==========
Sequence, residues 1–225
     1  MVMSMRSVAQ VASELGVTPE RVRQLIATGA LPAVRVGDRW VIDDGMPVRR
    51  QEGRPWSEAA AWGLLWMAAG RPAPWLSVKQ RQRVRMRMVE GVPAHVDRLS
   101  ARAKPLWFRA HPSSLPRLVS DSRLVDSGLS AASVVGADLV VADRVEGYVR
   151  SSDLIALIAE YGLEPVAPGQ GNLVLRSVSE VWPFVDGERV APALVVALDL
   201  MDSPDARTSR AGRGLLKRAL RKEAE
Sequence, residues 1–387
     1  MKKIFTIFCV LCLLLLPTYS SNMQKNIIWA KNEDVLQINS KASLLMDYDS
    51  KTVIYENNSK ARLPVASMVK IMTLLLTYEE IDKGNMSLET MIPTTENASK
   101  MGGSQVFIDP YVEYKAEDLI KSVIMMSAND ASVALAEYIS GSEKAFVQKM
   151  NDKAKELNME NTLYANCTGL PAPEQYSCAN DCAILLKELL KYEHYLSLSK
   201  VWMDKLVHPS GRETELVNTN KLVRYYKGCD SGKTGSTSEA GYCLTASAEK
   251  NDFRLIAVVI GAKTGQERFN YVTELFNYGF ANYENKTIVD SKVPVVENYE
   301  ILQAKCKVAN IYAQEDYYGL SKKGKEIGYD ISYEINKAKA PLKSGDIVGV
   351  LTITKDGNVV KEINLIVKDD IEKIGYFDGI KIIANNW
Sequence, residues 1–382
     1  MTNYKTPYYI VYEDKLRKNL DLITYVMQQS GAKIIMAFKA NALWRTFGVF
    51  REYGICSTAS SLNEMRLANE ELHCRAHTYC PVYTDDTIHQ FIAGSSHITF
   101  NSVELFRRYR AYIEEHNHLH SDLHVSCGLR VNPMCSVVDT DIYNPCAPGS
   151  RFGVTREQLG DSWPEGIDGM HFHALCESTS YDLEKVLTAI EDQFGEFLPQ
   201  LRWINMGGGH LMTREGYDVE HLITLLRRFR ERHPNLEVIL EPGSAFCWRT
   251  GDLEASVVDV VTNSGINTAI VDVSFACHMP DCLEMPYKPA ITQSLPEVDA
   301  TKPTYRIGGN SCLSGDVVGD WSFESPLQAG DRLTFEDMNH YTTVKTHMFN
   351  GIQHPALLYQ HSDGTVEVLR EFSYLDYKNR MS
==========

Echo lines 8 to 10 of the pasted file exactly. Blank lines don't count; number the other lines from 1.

     1  MKKIFTIFCV LCLLLLPTYS SNMQKNIIWA KNEDVLQINS KASLLMDYDS
    51  KTVIYENNSK ARLPVASMVK IMTLLLTYEE IDKGNMSLET MIPTTENASK
   101  MGGSQVFIDP YVEYKAEDLI KSVIMMSAND ASVALAEYIS GSEKAFVQKM